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PIP assessments are optional…

Elliot Kent
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Shelter

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Or may well be - depending on the terms of the invitation letter.

In IR v SSWP (PIP) [2019] UKUT 374 (AAC), Judge Wikeley deals with two issues of potentially broader consequence:

(1) A Tribunal dealing with an appeal against a failure to attend decision must have sight of the terms of the invitation letter so that it can establish if the letter actually created a legal obligation to attend.

(2) Having reviewed the terms of the Atos standard form invitation letter issued at this time (around the beginning of 2017), the Judge concludes that no legal obligation to attend was in fact created. This is because the letter is not framed in a way which demonstrates that attendance is mandatory.

The letter included the following phrase:
“It is important that you attend this appointment. If you fail to attend without good reason the decision maker at the Department for Work and Pensions is likely to disallow your claim. If you can’t attend please contact our Customer Service Centre straightaway on [phone number to be inserted]”

And attendance being “important” is not the same as being “mandatory”.

As there was no legal obligation to attend, non-attendance cannot be used as the sole basis for refusal of PIP, no matter how poor the reasons for non-attendance may or may not be.

bristol_1
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WRAMAS Bristol City Council

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So does this mean that there is any scope for requests for any time revisions for decisions made on the basis of an error in law, where PIP entitlement was ended due to FTA a medical following one of these letters?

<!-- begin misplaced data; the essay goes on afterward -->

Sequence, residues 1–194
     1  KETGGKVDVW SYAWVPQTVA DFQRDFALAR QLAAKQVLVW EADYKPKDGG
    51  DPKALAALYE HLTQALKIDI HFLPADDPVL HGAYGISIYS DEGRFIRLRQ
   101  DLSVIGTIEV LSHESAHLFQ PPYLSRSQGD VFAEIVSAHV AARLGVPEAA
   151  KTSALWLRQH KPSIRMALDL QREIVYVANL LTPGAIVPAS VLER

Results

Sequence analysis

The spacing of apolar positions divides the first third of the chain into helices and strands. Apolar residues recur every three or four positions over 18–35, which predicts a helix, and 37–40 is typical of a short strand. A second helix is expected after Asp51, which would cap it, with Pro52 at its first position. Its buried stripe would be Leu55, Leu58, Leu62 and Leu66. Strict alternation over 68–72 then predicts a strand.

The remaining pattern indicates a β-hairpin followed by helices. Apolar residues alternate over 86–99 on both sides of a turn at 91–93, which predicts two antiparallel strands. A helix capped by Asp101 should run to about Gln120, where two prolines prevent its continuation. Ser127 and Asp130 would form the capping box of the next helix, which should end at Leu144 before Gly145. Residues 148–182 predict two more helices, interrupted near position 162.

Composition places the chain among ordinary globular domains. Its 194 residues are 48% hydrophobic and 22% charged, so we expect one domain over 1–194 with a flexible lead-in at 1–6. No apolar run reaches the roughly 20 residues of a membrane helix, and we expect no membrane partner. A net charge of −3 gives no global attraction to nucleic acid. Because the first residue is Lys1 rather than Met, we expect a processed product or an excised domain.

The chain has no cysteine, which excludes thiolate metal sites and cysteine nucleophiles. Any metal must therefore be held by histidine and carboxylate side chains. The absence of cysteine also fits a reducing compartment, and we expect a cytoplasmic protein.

My client’s PIP stopped nearly 2 years ago due to a failure to attend an assessment. No advice given at this time; although she had a social worker, the end of PIP seems to have gone by unnoticed. Too late to MR and appeal it under good cause (stroke, communication difficulties and dementia), but could we submit a request for any time revision of the decision on the basis that the claimant was not informed of the legal obligation to attend?

Elliot Kent
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In principle you could make the argument that there was no legal obligation to attend although DWP may argue the anti-test case rule applies.

Mr Finch
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Benefits adviser - Isle of Wight CAB

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It was obiter, and I have my doubts about the reasoning.